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From Wikipedia, the free encyclopedia

Eva Maria McLaren (1852 - 16 August 1921) was an English suffragist, writer and campaigner. She served as Superintendent of the Franchise department of the World's Woman's Christian Temperance Union. She was actively associated with the Woman's Liberal Federation, and was the Vice-President of the National British Women's Temperance Association. In this capacity, she presided over and lead the white ribbon forces in England when the President, Lady Henry Somerset, was absent from the post. McLaren was superintendent of the department for work among municipal women voters; was an authority on parliamentary drill, as well as rules and procedure in debate; wrote leaflets on the subject of "The Duties of Women on Parish and District Councils"; and had the cause of woman's franchise greatly at heart. She was also a fine speaker. Her husband, Walter McLaren, M. P., was a nephew of John Bright and one of the chief champions of woman's cause in the British Parliament.[1]

Early years

Eva Maria Müller was born in 1852. She was the younger daughter of German businessman William Müller, and his English wife, Maria Henrietta. One of Eva's sisters, Henrietta Müller, was also a notable suffragist.[2]

She spent her early life in Valparaíso, Chile, before the family moved to London, living in Portland Place.[3]


McLaren's mother had progressive political views and introduced Eva to Octavia Hill for whom she collected rents and managed tenant welfare in Marylebone.[3] She later trained as a nurse at Brownlow Hill infirmary in Liverpool.[3] In 1881, she was a co-founder of Society for Promoting the Return of Women as Poor Law Guardians,[4] a fore-runner of the Society for Promoting the Return of Women as County Councillors (1888) which eventually (1893) became the Women's Local Government Society.

On 18 April 1883, at the Meeting House in St Martin's Lane, Westminster, she married politician Walter McLaren (1853–1912), whose mother, Priscilla Bright McLaren (1815–1906), was president of the Edinburgh National Society for Women's Suffrage. Walter McLaren also supported women's suffrage and the couple joined the Manchester Society for Women's Suffrage in 1884.[3] In the 1886 General Election, Walter McLaren was elected as the Liberal Party MP for Crewe. As one of the few MPs supporting votes for women, he served as joint secretary of the all-party committee of the Parliamentary Supporters of the Women's Franchise Bill.

McLaren joined the central committee of the National Society for Women's Suffrage, became a leading member of the Women's Liberal Federation, and was active in the Union of Practical Suffragists, the Forward Suffrage Union (which she founded in 1908 with Marie Corbett and Frances Heron Maxwell as a focus for women's suffrage efforts inside the Liberal Party and through the WLF),[5][2] and the Liberal Women's Suffrage Union.[3] She was one of the Exeter Hall speakers involved with the February 1907 Mud March; the march's concluding meeting was chaired by her husband.[6]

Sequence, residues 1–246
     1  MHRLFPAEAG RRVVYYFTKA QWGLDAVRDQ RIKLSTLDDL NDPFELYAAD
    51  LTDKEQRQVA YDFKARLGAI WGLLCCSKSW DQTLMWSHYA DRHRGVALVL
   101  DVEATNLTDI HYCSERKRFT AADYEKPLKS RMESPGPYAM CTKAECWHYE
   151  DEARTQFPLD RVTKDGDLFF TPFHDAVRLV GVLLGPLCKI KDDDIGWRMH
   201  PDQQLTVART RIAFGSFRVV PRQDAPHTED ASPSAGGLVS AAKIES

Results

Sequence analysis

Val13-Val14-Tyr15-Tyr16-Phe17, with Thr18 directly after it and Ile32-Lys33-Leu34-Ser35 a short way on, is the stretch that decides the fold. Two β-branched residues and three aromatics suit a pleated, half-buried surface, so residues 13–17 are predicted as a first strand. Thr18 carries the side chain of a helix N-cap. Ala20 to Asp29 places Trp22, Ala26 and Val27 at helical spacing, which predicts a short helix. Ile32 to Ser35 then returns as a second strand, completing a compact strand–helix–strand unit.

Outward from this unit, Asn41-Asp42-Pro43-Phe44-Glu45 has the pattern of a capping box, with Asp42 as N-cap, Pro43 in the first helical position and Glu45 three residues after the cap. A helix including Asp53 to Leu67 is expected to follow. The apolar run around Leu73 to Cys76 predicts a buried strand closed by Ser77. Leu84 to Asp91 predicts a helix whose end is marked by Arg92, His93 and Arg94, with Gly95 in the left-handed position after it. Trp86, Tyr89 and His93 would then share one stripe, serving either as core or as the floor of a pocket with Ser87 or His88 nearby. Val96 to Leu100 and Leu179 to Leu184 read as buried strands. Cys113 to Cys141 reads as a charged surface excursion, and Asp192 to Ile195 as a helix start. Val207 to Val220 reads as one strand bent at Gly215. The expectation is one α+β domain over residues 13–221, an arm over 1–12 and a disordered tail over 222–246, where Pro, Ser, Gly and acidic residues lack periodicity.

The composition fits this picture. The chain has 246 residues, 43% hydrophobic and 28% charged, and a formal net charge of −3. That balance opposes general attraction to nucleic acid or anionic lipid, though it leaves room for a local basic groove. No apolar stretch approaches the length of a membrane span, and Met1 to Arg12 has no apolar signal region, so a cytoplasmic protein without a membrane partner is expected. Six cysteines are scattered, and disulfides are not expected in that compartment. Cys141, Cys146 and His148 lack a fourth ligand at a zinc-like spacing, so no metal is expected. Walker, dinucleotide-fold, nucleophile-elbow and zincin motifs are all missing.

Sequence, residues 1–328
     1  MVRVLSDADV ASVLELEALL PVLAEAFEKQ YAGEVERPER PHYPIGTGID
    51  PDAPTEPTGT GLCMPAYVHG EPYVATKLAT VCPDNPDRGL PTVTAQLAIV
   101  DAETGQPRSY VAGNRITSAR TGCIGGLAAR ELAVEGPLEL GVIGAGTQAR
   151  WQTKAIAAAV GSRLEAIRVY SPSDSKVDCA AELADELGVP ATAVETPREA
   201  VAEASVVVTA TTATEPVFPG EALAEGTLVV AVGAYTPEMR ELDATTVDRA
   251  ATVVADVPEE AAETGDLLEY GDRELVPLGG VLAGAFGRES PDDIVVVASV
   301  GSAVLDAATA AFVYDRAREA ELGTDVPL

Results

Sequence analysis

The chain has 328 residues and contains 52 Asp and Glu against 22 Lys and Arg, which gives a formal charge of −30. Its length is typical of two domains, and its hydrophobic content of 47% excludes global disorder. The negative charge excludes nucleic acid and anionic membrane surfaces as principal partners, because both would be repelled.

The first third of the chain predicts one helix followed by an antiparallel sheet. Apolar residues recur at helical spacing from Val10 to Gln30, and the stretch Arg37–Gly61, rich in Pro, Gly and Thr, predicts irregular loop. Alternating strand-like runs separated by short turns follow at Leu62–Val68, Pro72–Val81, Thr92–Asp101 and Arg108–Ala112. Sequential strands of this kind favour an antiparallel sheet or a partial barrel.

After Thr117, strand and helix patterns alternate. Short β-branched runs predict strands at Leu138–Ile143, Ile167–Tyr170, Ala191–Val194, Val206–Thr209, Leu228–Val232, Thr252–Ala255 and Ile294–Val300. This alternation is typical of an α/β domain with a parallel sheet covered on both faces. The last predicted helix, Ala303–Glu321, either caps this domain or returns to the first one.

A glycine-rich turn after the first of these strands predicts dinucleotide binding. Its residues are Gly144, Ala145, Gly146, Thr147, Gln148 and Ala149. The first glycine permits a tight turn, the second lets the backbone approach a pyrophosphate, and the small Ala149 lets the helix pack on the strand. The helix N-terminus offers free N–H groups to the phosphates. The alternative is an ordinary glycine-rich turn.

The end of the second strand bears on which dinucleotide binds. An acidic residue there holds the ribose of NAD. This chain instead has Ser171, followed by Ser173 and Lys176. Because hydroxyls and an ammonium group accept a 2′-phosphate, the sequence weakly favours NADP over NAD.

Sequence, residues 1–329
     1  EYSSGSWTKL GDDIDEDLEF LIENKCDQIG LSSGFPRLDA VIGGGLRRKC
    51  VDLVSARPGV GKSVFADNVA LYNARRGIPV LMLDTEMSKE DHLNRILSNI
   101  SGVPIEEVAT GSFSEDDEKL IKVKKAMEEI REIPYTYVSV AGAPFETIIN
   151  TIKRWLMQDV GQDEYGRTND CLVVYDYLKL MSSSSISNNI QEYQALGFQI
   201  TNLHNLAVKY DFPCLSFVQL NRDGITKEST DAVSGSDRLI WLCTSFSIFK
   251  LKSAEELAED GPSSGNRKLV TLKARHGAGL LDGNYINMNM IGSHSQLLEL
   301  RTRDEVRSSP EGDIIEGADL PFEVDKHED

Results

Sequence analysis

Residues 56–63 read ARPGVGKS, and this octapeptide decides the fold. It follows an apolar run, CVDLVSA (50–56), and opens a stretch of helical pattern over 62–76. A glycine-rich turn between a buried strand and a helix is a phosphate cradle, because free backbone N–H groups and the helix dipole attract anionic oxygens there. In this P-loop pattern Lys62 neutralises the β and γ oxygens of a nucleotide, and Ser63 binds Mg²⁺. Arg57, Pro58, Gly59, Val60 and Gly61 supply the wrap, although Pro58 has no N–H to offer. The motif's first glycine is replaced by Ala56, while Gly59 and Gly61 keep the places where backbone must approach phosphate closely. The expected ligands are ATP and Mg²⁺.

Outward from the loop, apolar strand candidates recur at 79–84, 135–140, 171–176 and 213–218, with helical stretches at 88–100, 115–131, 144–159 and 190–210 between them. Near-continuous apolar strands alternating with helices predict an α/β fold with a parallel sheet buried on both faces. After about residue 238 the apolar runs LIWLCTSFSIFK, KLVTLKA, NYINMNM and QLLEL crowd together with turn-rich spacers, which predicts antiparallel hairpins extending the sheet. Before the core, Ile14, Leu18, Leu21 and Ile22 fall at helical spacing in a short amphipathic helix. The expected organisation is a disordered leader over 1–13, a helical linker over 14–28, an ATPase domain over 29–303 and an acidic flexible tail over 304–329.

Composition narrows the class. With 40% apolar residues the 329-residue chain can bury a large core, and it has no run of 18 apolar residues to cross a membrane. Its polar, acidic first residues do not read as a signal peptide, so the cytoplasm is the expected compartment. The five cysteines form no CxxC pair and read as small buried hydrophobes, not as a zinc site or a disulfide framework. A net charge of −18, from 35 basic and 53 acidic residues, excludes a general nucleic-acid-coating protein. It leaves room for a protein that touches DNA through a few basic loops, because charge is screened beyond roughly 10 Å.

McLaren wrote many pamphlets including Civil Rights of Women (published by the National Society in 1888), The Election of Women on Parish and District Councils and The Duties and Opinions of Women with Reference to Parish and District Councils (both 1894),[2] and in 1903 she was the author of The History of the Women's Suffrage Movement in the Women's Liberal Federation.[2][3]

Walter McLaren died in 1912. When World War I, broke out Eva McLaren resumed her nursing career, working at a base hospital in France during the winter of 1914–15 before being forced to return to England through ill health.[3]

She died from chronic Bright's disease and uraemia on 16 August 1921 at Great Comp Cottage, Borough Green in Kent.[3]

Posthumous recognition

Her name and picture (and those of 58 other women's suffrage supporters) are on the plinth of the statue of Millicent Fawcett in Parliament Square, London, unveiled in 2018.[7][8][9]


  1. ^ Chapin 1895, p. 19.
  2. ^ a b c d Crawford, Elizabeth (2001). The Women's Suffrage Movement: A Reference Guide, 1866-1928. Psychology Press. pp. 85–86. ISBN 9780415239264.
  3. ^ a b c d e f g h Simkin, John. "Eva McLaren". Spartacus Educational. Retrieved 13 January 2017.
  4. ^ Masson, Ursula (2010). For Women, For Wales and For Liberalism: Women in Liberal Politics in Wales 1880-1914. University of Wales Press. p. 219. ISBN 9780708322543.
  5. ^ Peter Gordon, David Doughan, Dictionary of British Women’s Organisations, 1825-1960; Woburn Press, 2001 p54
  6. ^ "Kate Frye's Suffrage Diary: The Mud March, 9 February 1907". Woman and her Sphere. Retrieved 13 January 2017.
  7. ^ "Historic statue of suffragist leader Millicent Fawcett unveiled in Parliament Square". 24 April 2018. Retrieved 24 April 2018.
  8. ^ Topping, Alexandra (24 April 2018). "First statue of a woman in Parliament Square unveiled". The Guardian. Retrieved 24 April 2018.
  9. ^ "Millicent Fawcett statue unveiling: the women and men whose names will be on the plinth". iNews. Retrieved 2018-04-25.


External links

This page was last edited on 26 August 2018, at 06:27
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